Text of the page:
Some of you may be wondering why I'm so hung up on this Dave guy and why these words are so frequently spilling out of my mouth.  It's because that this Dave fella, that teaches these Financial Peace University classes, isn't just giving tips on clipping coupons or how to save a buck or two at the grocery store - he's teaching people how to change their lives.

Some of you may read these words, look at me and think, "get it together, Katie - this budgeting/saving/debt dumping stuff is common sense!"  But what I have already learned, and what I am continuing to learn, is that this stuff isn't about common sense or being good at math (though these things help) - it's about changing your behavior.  It's 20% head knowledge and 80% behavior.  EIGHTY-PERCENT BEHAVIOR.  We all know what we're supposed to do with finances but we do what think we should do or what think we deserve.  And that's how we end up with $25,000 in debt (not including student loan debt...but is including a car payment).  Yep.  I just went there with you.  Ouch, right?  Freaking ouch.

So please excuse my rantings and ravings and excitement and passion.  I'm not trying to be a pain in your side or the reason you roll your eyes.  I'm just trying to change my life.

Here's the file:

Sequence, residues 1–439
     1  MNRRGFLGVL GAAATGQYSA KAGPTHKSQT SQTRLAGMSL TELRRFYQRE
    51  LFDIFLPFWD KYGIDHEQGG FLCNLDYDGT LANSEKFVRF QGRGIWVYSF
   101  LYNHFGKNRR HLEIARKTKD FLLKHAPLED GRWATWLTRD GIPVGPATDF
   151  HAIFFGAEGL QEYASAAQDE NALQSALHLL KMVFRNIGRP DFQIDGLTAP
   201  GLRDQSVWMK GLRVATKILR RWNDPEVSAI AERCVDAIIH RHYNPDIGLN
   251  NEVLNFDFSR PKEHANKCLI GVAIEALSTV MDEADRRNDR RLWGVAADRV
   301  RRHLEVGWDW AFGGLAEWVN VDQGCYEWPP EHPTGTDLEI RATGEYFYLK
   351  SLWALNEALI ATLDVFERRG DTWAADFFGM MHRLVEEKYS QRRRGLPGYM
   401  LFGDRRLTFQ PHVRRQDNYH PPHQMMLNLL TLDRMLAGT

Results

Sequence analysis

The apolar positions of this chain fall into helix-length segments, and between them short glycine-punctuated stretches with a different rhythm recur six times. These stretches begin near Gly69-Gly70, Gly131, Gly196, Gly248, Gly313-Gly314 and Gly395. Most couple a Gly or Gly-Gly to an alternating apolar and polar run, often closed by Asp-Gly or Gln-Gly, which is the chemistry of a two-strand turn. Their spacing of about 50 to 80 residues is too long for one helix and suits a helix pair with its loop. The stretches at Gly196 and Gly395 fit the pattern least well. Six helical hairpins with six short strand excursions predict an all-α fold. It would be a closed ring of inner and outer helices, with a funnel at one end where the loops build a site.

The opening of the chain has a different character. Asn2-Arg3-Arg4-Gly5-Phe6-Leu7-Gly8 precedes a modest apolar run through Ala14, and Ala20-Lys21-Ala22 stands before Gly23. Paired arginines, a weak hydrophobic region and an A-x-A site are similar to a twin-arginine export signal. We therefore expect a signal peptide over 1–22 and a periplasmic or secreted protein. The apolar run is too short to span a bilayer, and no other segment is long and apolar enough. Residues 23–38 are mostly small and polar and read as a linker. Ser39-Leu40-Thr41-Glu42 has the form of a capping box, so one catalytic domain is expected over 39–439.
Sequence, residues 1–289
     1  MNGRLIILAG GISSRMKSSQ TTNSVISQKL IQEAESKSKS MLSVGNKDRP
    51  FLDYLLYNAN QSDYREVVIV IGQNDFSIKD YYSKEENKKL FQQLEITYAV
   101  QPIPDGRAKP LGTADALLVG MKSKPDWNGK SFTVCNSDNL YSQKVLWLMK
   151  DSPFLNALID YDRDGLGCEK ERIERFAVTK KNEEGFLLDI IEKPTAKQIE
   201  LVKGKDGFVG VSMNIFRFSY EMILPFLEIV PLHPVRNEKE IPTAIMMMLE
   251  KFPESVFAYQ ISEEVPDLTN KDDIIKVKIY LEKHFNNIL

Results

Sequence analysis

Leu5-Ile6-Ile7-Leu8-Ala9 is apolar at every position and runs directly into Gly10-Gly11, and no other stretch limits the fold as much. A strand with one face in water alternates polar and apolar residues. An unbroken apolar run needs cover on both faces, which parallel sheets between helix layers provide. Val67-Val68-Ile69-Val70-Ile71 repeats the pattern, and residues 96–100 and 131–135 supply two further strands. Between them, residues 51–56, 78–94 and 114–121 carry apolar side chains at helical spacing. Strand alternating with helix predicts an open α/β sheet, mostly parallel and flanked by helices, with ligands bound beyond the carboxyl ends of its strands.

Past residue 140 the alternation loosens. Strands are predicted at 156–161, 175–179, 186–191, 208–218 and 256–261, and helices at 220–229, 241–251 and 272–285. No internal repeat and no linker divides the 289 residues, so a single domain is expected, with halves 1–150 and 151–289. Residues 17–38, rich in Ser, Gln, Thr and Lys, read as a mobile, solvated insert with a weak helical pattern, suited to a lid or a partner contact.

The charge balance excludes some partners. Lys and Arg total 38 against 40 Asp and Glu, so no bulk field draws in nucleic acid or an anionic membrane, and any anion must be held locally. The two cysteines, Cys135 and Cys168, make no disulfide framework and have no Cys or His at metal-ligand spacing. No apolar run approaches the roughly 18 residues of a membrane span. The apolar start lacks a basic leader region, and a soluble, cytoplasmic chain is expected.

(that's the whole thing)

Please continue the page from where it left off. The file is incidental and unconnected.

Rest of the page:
I'm sitting down with someone every week, staring my budget and my money-spending habits in the face, constantly being reminded what ridiculous choices I've made.  I'm working with an incredible accountability partner to completely reallocate my funds so that I can get out of debt as quickly as possible.  What does this mean exactly?  Well in this moment it means things like cutting off Netflix, kissing my Starbucks addiction good-bye (well minus the fact that I got $85 worth of Starbucks gift cards for my b-day, score!) and cutting up my Loft card (waaaaaaaaah).  It means that every single dollar I earn has to be accounted for and cannot go to anything frivolous at this time.  Now, no worries... I am allotted some spending money.  This money has primarily been a product of selling things on Facebook yard sales (anyone need to read about the Ed Hardy shower gel again?); however, at this point I'm not even interested in spending that money.  Or any money.  Because when you witness a 68 year old woman cry in FPU class as she cuts up one of her credit cards because she realizes what a big debt hole she's in, spending money is the last thing on the planet you want to do.  Instead you want to look inside yourself, face the mess you've made and fix it.  Oh and cry with her.